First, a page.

Yemeni Province Starts Rebuilding as 100,000 Displaced Return
Mahdhar, aged 30, walks past a destroyed youth and sports centre in Zinjibar, capital of Abyan. The building was an important venue for social and communal gatherings and events.
UNHCR / A. Al-Sharif / December 2012
December 23, 2012
Yemen is sinking deeper and deeper into a never-ending civil war
Yemen is the region’s poorest country. And since the Arab Spring it’s also been one of the most unstable countries in the Gulf.
Now, the civil war in Yemen is getting worse by the day. Hospitals are being routinely bombed, some 10,000 people have been killed;, and extremist groups affiliated with Al Qaeda and ISIS have gained a foothold in parts of the country. There is no end in sight.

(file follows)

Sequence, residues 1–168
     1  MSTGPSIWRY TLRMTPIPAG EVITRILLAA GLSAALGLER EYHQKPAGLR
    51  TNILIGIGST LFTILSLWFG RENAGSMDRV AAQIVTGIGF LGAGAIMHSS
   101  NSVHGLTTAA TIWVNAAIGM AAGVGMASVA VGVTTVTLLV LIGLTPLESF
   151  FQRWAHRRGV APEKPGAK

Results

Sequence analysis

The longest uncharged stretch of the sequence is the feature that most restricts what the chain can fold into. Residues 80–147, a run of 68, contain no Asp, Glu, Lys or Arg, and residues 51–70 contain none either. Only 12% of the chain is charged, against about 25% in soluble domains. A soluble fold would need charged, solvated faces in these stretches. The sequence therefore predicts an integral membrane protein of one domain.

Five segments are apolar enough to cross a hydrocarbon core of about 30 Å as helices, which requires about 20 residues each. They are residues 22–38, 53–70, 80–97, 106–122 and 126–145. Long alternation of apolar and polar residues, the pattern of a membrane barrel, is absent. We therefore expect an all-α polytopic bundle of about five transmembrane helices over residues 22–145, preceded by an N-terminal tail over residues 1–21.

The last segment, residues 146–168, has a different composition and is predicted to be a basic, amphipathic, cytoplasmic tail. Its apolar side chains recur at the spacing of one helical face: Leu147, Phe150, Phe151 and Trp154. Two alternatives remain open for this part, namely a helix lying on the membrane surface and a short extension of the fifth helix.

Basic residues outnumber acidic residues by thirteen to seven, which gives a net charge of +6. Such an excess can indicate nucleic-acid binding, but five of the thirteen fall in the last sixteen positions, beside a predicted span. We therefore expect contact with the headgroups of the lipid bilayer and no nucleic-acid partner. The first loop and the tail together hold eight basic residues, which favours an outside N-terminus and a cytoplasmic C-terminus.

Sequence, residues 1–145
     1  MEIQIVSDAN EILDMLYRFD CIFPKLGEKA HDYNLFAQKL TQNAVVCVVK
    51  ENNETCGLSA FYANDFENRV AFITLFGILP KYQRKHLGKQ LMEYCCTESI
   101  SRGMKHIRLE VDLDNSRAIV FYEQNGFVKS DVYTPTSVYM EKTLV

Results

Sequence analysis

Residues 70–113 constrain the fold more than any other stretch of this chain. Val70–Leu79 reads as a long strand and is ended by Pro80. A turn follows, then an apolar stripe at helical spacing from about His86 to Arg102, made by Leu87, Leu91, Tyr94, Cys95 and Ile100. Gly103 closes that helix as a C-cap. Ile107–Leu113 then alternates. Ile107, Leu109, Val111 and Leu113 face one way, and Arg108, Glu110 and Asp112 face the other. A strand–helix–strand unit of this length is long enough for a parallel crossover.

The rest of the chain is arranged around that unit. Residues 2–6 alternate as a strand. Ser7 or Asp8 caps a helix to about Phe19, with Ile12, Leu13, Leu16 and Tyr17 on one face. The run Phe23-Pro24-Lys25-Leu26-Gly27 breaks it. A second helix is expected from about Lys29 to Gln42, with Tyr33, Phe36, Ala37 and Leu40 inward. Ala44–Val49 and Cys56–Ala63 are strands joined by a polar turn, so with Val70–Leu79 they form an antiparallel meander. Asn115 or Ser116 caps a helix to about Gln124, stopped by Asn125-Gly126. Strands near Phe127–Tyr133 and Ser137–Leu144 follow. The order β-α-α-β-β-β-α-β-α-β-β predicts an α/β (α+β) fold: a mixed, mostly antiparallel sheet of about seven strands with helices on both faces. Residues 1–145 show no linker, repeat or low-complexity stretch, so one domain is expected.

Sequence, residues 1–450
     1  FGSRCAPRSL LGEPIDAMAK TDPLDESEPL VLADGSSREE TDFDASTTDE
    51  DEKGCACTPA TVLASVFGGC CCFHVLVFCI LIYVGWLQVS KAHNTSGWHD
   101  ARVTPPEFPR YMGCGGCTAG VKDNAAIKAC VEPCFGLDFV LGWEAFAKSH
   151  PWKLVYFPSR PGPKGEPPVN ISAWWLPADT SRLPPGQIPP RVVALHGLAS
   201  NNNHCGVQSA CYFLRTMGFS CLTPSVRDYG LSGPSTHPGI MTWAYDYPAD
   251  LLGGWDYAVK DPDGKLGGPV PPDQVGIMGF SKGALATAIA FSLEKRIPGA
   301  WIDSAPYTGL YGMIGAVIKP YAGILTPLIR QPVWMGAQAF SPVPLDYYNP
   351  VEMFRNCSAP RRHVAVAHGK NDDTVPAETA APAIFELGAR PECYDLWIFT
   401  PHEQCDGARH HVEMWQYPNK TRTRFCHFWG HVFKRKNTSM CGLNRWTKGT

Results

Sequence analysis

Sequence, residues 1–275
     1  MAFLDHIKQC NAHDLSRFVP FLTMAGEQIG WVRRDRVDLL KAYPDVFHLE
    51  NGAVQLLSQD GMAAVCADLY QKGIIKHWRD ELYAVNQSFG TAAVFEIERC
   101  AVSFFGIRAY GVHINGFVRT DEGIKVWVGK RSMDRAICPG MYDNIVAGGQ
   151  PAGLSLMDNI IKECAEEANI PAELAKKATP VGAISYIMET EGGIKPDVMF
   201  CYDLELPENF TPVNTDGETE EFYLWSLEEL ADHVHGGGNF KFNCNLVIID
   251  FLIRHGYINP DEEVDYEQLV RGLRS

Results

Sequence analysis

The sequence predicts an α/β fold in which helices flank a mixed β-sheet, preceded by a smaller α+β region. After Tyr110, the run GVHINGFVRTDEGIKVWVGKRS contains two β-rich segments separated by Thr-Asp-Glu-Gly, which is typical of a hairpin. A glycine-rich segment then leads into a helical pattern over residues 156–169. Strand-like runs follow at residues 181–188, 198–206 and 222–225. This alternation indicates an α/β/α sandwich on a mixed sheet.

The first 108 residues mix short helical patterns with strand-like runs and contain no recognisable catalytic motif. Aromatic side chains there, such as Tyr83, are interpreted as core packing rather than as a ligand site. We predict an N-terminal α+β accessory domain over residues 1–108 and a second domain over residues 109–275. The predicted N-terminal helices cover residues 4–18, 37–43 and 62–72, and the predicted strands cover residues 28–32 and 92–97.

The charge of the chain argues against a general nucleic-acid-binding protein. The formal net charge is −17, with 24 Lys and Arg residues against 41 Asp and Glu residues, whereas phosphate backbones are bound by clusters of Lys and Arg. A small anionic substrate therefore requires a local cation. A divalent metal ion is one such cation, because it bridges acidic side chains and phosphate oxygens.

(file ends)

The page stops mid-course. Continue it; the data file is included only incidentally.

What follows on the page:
How did we get here?
In March 2015, a rebel group known as the Houthis consolidated control over the capitol city Sana’a and moved against the internationally recognized government of President Hadi. That brought in Saudi Arabia, which lead a US-backed military intervention in support of the beleaguered president. Meanwhile, UN mediation efforts are proceeding haltingly as the conflict intensifies.
On the line with me to discuss the current situation in Yemen, the roots of the conflict, and potential opportunities to advance a peace process is Adam Barron, a visiting fellow with the European Council on Foreign Relations. Adam goes pretty deep into the historic roots of instability in Yemen, which he traces to the early 1990s, and does a good job explaining the motives of each side of this ongoing conflict.
If you have 20 minutes and want a helpful way to understand how the crisis in Yemen devolved into a catastrophic civil war, have a listen.